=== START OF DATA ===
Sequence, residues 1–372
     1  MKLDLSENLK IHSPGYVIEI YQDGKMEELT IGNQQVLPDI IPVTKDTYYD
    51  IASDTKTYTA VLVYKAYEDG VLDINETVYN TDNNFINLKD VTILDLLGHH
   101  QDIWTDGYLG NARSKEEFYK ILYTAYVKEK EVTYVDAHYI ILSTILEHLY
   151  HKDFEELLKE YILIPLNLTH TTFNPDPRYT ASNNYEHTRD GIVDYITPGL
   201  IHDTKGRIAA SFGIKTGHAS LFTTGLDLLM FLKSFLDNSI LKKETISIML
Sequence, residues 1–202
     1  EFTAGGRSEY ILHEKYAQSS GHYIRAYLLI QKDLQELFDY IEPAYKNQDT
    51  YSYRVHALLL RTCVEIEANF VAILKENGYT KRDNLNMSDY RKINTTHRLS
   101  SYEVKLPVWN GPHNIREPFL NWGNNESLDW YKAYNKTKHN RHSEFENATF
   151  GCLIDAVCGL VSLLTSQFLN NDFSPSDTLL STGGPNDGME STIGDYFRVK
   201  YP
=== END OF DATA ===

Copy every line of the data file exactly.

Sequence, residues 1–372
     1  MKLDLSENLK IHSPGYVIEI YQDGKMEELT IGNQQVLPDI IPVTKDTYYD
    51  IASDTKTYTA VLVYKAYEDG VLDINETVYN TDNNFINLKD VTILDLLGHH
   101  QDIWTDGYLG NARSKEEFYK ILYTAYVKEK EVTYVDAHYI ILSTILEHLY
   151  HKDFEELLKE YILIPLNLTH TTFNPDPRYT ASNNYEHTRD GIVDYITPGL
   201  IHDTKGRIAA SFGIKTGHAS LFTTGLDLLM FLKSFLDNSI LKKETISIML
Sequence, residues 1–202
     1  EFTAGGRSEY ILHEKYAQSS GHYIRAYLLI QKDLQELFDY IEPAYKNQDT
    51  YSYRVHALLL RTCVEIEANF VAILKENGYT KRDNLNMSDY RKINTTHRLS
   101  SYEVKLPVWN GPHNIREPFL NWGNNESLDW YKAYNKTKHN RHSEFENATF
   151  GCLIDAVCGL VSLLTSQFLN NDFSPSDTLL STGGPNDGME STIGDYFRVK
   201  YP